YouTube can do something about this. The ad revenue provides a strong financial incentive to unethical hoaxers and people of diminished responsibility to post more and more videos of this type.
YouTube already removes ads from many videos on ethical grounds. See YouTube tightens ad rule enforcement, demonetizing numerous videos.
- We ask YouTube to remove ads from all videos that promote Doomsday scenarios on the basis that these videos make vulnerable people suicidal, so it is immoral to reward views of them with ad revenue
The cover photo for this campaign shows an artist's impression from NASA of an alien sunset around a double star. It's often used as a hoax image of a companion sun to our sun. These hoaxes have become a form of propoganda for vulnerable people I think and just as with war propoganda and Orwell's 1984, when repeated enough times, they can convince vulnerable people that black is white. Many of these scared people even believe that we have two suns, utterly bizarre as that belief may seem to the rest of us, and they believe that this second sun endangers Earth. Many also think the Earth's pole has shifted and no longer points at the pole star and that this is the cause of most recent earthquakes, and that a hidden extra planet is causing the recent unusual weather instead of climate change.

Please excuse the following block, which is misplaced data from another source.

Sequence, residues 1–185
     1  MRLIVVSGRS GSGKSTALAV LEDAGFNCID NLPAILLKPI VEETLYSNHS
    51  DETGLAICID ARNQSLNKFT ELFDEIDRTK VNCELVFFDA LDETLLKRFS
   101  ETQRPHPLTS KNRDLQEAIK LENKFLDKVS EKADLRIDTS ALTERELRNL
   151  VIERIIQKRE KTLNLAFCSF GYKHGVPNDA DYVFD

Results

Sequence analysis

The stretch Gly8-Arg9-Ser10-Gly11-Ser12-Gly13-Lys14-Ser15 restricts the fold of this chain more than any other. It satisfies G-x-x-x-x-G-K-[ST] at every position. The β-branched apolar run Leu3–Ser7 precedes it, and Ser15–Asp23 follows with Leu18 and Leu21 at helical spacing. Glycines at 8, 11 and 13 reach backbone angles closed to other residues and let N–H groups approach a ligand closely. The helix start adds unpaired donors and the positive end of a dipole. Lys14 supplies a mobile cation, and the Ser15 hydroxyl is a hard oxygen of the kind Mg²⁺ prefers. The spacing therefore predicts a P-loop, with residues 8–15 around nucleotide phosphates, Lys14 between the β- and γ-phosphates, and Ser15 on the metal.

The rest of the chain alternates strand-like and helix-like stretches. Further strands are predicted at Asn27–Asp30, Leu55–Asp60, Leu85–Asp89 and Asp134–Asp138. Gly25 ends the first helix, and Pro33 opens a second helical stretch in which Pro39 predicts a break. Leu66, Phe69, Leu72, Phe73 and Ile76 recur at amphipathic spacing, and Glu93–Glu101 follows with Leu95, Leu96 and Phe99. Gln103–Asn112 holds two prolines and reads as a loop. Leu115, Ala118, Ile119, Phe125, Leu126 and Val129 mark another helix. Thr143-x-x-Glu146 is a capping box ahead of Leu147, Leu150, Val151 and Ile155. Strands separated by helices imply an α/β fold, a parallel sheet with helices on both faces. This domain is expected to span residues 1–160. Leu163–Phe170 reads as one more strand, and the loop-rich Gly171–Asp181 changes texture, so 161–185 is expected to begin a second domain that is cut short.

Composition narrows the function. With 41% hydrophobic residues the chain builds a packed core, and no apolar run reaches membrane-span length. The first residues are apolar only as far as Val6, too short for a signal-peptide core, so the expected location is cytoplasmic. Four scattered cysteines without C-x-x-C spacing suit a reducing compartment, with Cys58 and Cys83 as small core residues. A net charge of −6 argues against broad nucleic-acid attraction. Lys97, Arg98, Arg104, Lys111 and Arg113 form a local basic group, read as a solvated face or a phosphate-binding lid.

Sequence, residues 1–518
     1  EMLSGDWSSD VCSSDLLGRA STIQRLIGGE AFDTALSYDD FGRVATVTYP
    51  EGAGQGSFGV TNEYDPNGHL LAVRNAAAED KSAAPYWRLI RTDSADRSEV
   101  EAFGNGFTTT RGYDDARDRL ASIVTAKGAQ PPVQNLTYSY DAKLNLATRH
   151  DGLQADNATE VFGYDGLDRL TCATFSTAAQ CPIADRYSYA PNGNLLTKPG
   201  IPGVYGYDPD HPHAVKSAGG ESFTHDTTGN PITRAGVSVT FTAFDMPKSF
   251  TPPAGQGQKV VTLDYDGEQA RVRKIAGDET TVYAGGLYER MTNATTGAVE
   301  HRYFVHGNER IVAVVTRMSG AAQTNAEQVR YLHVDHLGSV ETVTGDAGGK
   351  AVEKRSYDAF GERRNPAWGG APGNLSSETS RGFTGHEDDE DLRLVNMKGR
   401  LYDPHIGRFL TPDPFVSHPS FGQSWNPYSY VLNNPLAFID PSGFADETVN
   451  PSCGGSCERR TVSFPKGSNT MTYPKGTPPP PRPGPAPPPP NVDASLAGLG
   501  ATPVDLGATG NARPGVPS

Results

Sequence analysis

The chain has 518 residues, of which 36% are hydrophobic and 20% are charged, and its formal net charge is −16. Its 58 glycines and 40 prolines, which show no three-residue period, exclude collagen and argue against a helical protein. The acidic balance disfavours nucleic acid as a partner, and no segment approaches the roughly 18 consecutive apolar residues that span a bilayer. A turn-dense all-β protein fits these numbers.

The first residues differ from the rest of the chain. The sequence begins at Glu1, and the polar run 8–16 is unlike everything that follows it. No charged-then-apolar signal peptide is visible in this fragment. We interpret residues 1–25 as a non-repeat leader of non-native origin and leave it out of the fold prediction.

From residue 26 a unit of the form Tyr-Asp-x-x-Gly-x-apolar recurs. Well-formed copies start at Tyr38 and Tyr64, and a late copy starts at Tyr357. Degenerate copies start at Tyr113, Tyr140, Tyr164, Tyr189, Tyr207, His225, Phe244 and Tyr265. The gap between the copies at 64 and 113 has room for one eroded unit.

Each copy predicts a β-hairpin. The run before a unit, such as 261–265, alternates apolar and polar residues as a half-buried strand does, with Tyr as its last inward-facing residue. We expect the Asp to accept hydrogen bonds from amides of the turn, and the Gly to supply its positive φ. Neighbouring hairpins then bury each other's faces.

I have had many long conversations on my article comment threads trying to persuade them that this is all nonsense, with more than a thousand comments (including my replies) on the article with most comments.
For instance in summer 2016, in the run up to the 29th July date in that YouTube video title, I got many questions from people who thought we would all die on the 29th July. This was made worse by a story about it in the The Telegraph online dramatized with a countdown timer to the end of the world at the head of the article. In December 2015 I got many questions also from people who thought we'd all be dead by Christmas, asking if there was any point in preparing for it. Another occasion with numerous such messages was the build up to 24th September in 2015, and there have been several others just in the last year. Most of you won't even have heard of these "events" or if you saw the stories dismissed them as LOL silly but for these people they were terrifying.
When they are told these things repeatedly with dramatic videos, and music, and supported with all the power of oratory in the voice over, vulnerable people lose their ordinary common sense and come to believe we actually have two suns and that the second sun is a threat to Earth along with many other such bizarre beliefs. Some of them have to give up work because of this anxiety, are anxious day and night, and may sometimes even take their own lives. We must do all we can to stop this somehow!
YouTube, please do what you can to help with this. Please halt all ad revenue on these videos.
Please sign and share our petition and help put an end to monetizing of doomsday videos on YouTube. Thanks!
Petition to YouTube to halt ads on Doomsday videos